Rectal Microbicides Become A High Priority In The Fight Against HIV In Africa
A newly launched African-inspired, African-led initiative says ‘yes’ to rectal microbicides
Today IRMA (International Rectal Microbicide Advocates) will release “On the Map: Ensuring Africa’s Place in Rectal Microbicide Research and Advocacy” at a special evening reception at the international Microbicides 2012 conference at the Sydney Convention and Exhibition Center.
A cornerstone of IRMA’s Project ARM (Africa for Rectal Microbicides) initiative, the strategy document developed by African advocates, researchers, and global allies outlines priority actions to ensure Africa fully engages in rectal microbicide research and advocacy activities, including the integration of safe anal-sex messaging into HIV prevention programs.
“For far too long the operating principle concerning the HIV epidemic in Africa has been that it is solely heterosexual, and that sexual transmission is entirely driven by unprotected vaginal intercourse between men and women,” said Jim Pickett, IRMA chair. “But an increasing body of evidence tells us quite clearly that unprotected anal intercourse is happening all across the continent — amongst heterosexuals as well as gay men, other men who have sex with men (MSM), and transgender individuals. Unprotected anal intercourse is not uncommon in Africa,” he continued, “and compared to unprotected vaginal intercourse, it is 10 to 20 times more likely to result in HIV infection. We absolutely need to be concerned about this.”
“We still face significant hurdles regarding human rights for gay men, MSM, and transgender individuals in Africa, but the collective, long-term efforts of advocates and scientists are indeed lifting the denial around anal sex in the African context,” said Morenike Ukpong, New HIV Vaccines and Microbicides Advocacy Society in Nigeria, IRMA member, and one of the chief architects of the Project ARM strategy. “Great efforts have long been underway to develop safe and effective vaginal microbicides for African women. We need the same level of commitment and resources for the development of safe, effective, acceptable and accessible rectal microbicides for Africans regardless of gender identity or sexual orientation.”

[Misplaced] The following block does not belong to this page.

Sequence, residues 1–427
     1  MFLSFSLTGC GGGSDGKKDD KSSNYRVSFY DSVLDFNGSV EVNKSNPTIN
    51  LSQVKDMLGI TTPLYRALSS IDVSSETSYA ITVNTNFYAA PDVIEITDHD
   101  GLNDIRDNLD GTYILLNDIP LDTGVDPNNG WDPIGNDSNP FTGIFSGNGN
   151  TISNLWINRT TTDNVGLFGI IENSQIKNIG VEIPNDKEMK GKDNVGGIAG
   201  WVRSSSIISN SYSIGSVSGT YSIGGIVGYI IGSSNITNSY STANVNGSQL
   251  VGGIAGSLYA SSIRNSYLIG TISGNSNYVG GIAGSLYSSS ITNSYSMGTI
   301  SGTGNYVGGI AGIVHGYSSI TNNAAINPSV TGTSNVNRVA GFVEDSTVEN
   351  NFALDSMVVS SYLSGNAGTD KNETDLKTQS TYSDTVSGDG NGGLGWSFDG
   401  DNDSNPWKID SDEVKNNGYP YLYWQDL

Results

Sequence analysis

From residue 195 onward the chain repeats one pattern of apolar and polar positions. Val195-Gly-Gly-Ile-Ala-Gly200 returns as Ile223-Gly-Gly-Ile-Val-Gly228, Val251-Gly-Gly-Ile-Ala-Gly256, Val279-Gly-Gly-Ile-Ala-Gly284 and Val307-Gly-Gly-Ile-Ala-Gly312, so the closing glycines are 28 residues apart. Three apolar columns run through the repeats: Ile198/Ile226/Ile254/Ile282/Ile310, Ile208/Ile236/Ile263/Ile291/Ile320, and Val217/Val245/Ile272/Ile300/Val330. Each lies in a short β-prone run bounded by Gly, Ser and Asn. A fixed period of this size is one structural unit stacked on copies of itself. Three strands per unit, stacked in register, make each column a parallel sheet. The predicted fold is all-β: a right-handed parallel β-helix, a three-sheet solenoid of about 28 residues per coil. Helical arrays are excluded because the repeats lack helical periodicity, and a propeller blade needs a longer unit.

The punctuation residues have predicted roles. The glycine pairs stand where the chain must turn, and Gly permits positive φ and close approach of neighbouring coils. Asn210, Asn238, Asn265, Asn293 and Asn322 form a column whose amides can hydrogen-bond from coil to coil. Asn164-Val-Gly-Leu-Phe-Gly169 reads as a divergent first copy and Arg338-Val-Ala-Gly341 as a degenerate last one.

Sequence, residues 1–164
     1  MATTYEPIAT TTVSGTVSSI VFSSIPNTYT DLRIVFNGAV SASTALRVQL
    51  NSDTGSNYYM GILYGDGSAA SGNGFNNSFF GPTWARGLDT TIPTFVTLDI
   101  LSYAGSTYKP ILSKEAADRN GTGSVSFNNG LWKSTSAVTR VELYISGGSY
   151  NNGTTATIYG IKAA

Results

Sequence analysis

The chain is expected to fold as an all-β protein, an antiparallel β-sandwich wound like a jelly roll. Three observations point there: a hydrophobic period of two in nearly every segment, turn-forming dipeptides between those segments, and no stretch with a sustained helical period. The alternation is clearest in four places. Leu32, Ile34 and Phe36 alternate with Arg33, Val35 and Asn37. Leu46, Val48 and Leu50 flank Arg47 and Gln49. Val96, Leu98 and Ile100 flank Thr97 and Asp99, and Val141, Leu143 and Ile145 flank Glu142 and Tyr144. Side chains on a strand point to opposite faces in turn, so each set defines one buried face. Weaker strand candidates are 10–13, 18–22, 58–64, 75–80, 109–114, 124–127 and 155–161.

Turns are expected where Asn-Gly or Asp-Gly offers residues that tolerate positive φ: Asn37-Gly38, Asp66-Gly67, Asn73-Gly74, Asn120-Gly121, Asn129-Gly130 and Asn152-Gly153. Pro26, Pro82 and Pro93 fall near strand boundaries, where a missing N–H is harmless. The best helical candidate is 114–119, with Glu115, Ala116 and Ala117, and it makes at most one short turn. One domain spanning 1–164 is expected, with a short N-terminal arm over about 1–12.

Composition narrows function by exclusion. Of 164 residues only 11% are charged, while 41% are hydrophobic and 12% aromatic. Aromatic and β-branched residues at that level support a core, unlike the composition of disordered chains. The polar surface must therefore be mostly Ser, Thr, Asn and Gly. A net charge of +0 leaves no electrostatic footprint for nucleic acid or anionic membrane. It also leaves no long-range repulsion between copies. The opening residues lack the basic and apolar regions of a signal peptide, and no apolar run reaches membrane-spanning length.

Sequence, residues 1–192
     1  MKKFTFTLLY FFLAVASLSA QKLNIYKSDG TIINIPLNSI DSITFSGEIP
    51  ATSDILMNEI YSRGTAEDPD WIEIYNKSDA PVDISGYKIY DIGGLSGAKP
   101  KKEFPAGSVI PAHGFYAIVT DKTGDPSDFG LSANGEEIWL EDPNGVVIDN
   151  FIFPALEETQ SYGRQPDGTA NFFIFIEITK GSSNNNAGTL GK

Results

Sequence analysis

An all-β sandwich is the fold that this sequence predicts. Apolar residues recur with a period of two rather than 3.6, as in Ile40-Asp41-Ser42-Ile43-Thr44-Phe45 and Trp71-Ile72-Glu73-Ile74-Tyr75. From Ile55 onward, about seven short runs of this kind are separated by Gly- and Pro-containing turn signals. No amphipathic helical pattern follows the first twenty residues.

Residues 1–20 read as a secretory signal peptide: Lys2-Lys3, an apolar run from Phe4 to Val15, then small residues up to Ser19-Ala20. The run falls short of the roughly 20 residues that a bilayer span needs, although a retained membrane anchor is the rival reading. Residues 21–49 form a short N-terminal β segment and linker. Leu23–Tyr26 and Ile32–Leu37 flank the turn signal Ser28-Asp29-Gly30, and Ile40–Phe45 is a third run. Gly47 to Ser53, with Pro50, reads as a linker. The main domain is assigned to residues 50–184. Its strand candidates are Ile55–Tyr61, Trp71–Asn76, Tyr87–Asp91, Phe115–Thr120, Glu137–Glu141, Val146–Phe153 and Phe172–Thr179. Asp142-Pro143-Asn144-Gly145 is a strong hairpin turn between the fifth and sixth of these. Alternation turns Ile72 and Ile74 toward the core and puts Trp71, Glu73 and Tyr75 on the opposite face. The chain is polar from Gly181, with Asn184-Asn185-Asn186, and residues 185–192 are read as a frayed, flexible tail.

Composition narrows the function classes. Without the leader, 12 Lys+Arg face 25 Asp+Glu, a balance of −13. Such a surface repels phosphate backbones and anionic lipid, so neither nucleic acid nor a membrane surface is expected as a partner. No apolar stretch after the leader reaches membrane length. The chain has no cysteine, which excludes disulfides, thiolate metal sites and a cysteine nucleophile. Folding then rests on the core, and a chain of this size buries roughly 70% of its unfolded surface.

“Our diverse sexualities in Africa shouldn’t be defined only by the prevention tools we have available. HIV prevention tools must be adapted to our sexualities.” — Alliance Nikuze, Rwanda, IRMA member, as quoted in the report.
“On the Map: Ensuring Africa’s Place in Rectal Microbicide Research and Advocacy” is the result of an intensive two-day consultation conducted with over 40 Africans and allies that took place in Addis Ababa, Ethiopia in early December 2011. It calls for a set of activities related to research and community mobilization designed to fully engage Africans, including a Knowledge, Attitudes and Behaviours study on anal sex, advocacy for increased condom-compatible lubricant access, and communication and education activities.
Even as this report is being released, Africa has already made great strides in rectal microbicide research and advocacy. A global Phase II rectal microbicide trial looking at tenofovir gel in gay men and transgender women, planned by the Microbicide Trials Network (MTN), includes the Desmond Tutu HIV Foundation in Cape Town, South Africa as one of its clinical trial sites. As IRMA member and Desmond Tutu research assistant Brian Kanyemba says in the report, “I am incredibly proud to say we will be the very first African trial site for a rectal microbicide study. I hope the field will conduct rectal microbicide research in other African countries as well as South Africa!”
“Africans need rectal microbicides and they need to be part of the advocacy, research and development processes that are essential to creating products that are not only safe and effective but acceptable and accessible too. I pledge our full support for the efforts of Project ARM.” — Dr. Ian McGowan, United States, MTN co-principal investigator and IRMA Scientific Vice Chair, as quoted in the report.
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